7 Individual quick impact development projects often do not address key development challenges. Moreover, with full consideration given to the particular history and context of Afghanistan (especially the south and south-east), namely, the history of foreign military interference, persistent poverty and unemployment, corrupt and unjust government, excessive use of force by international military forces, widespread illiteracy, Islamist propaganda, and the systematic use of terror and intimidation by militants, it is clear that limited assistance projects will have little impact on support for, or engagement in, insurgent activity. Mercy Corps told us that It does not consider that Provincial Reconstruction Teams (PRTs) are the right approach for delivering humanitarian and development assistance and views them as inappropriate and ineffective. 13 Mercy Corps concerns included: Communities want long-term development assistance based on transparency, accountability and local ownership. Such approaches are not compatible with the short-term imperatives which drive the military s stabilisation strategy. The military s use of often costly, ineffective and unaccountable implementing partners is also highly problematic ; PRTs do not distribute humanitarian assistance within Afghanistan according to need ; PRTs are not a cost effective mechanism for delivering humanitarian or development aid. For example, PRT staff undertaking humanitarian or development activities are often escorted by armed personnel which increases cost and can reduce the willingness of Afghans to take-up the assistance provided. Impact of the Comprehensive Approach on NGOs ability to undertake their role safely and effectively. 25. The Comprehensive Approach can blur the lines between military and humanitarian organisations, impacting on local people s perceptions of the neutrality, impartiality and independence of NGOs and thus their ability to operate effectively and safely. Consequently, the Comprehensive Approach can hinder NGO access to vulnerable and /or remote populations in conflict situations. Between them, eight NGOs provided a range of examples of how the Comprehensive Approach could put their independence and impartiality at risk, including: 14 if an NGO is seen to be engaging with overseas governments involved in a country where there is conflict; 13 The FCO website says the Provincial Reconstruction Teams (PRTs) are at the heart of the International Security Assistance Force (ISAF) mission and embody a joint military and civilian approach to stabilising Afghanistan. They are a combination of international military and civilian personnel based in provincial areas of the country extending the authority of the Afghan Government, supporting reform of the security sector, and facilitating development and reconstruction. Each is tailored to the prevailing security situation, socio-economic conditions, terrain, and reach of the central government. 14 War Child, Mercy Corps, MSF, Tearfund, NGO 10, CARE International UK, British and Irish Agencies Afghanistan Group and Afghan Aid, Islamic Relief Page 7 of 85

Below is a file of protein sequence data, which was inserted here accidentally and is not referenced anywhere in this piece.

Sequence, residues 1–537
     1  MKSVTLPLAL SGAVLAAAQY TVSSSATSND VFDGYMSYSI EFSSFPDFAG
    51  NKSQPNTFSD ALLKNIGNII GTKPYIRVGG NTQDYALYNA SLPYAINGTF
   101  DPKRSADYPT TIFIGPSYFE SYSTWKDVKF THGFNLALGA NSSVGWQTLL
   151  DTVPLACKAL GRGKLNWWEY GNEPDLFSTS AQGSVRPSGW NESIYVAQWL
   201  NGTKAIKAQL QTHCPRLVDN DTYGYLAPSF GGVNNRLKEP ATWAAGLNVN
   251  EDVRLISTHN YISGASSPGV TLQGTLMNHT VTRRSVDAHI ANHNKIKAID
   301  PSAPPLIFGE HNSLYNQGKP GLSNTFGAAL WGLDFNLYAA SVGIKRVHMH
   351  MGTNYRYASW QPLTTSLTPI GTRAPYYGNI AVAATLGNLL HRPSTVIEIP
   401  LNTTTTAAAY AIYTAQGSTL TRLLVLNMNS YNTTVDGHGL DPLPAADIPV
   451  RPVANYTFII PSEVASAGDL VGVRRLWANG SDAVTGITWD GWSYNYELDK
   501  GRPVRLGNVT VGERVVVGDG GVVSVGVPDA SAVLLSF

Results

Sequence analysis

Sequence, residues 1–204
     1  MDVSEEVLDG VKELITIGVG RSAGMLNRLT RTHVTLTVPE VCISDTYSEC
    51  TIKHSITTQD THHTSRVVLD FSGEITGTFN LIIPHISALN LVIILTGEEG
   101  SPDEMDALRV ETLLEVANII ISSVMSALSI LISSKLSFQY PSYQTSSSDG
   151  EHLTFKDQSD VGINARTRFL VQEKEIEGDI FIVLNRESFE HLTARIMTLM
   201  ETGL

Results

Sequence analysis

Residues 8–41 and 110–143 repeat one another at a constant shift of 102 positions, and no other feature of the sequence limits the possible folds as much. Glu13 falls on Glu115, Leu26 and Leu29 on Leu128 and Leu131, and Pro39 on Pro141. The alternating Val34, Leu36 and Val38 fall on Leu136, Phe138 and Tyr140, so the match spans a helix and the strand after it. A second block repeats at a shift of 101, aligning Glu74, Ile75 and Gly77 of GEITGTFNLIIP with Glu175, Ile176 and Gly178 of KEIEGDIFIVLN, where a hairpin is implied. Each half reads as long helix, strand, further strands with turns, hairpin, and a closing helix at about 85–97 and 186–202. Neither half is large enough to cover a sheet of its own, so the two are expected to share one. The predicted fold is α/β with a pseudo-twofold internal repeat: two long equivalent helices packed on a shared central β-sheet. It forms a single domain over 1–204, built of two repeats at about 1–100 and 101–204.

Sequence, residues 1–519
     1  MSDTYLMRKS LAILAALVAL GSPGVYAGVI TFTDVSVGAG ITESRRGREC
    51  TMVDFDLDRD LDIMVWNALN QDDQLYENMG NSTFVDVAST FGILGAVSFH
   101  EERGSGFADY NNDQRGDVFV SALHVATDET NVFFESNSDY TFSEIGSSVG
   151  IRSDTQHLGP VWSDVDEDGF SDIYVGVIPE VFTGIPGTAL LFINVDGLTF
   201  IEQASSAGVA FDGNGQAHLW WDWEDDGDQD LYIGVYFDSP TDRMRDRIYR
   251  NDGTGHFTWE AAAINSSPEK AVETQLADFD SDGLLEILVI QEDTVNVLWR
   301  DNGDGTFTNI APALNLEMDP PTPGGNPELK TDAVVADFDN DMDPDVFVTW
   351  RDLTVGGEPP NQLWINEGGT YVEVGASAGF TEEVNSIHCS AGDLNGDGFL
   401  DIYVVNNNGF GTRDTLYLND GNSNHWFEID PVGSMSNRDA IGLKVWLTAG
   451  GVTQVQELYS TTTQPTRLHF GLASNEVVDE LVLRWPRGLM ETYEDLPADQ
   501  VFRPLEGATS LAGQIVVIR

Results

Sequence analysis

8 by the engagement of other NGOs with an overseas government as local people may see NGOs as a homogenous group; by direct overseas government provision of aid, for example through the Provincial Reconstruction Teams in Afghanistan, as local people may not distinguish between the Teams and humanitarian agencies. Thus the direct or indirect involvement of UK Government and other governments in providing aid could reduce the scope, in both the short run and long run, for independent NGOs to operate in a country without putting their staff at unacceptable levels of risk. MSF told us that: in Iraq humanitarian NGOs were seen by many as part of the wider western military effort and were presented by the US military as such. This false representation of humanitarian action as part of the military effort increased the security risks faced by NGO staff operating in the field and, as a result, MSF and many other humanitarian NGOs withdrew from Iraq. If MSF, and similar organisations, are squeezed out by the Comprehensive Approach, the population is deprived of life-saving assistance in its hour of greatest need. As an alternative the military will undertake relief activities, not only for altruistic purposes but also for the benefits of hearts and minds, but only in the areas under their direct control, which may result in large numbers of the civilian population receiving no support. And a withdrawal of NGOs will only increase the length of time that the military needs to undertake this direct provision of relief. Tearfund supported MSF s position. It told us that it is imperative that the proponents of the Comprehensive Approach do not see NGOs as force multipliers of HMG s strategy in conflict areas. 26. NGOs referred to specific instances where their field staff had been threatened, attacked, kidnapped or killed. CARE International UK explained that Our commitment to humanitarian principles is not inspired by abstract theory, but rather our need to ensure the safety and security of field staff, partners and beneficiaries. 27. CARE International UK also told us that NGOs operations and safety are also threatened by the priority given to military interests on the ground. It said: NGOs maintain serious concerns about potential impacts of Comprehensive Approach implementation for their operations, and the safety of their staff and beneficiaries. At field level, experience of military operations in Afghanistan suggests that international forces will continue to assert a military pre-eminence in hostile environments in which they are conducting combat operations. This partly reflects both the level of authority delegated to the force commander in-theatre, and the imbalanced spread of resources between military and civilian actors involved. Such an approach threatens the space for NGOs or other agencies to deliver independent, neutral and impartial humanitarian assistance. 28. MSF told us that the Comprehensive Approach can increase the militarisation of civilian settings or facilities, such as hospitals, in the host country. Many armed private security providers are being used to protect DFID staff working in Afghanistan. The presence of armed security providers in civilian facilities can Page 8 of 85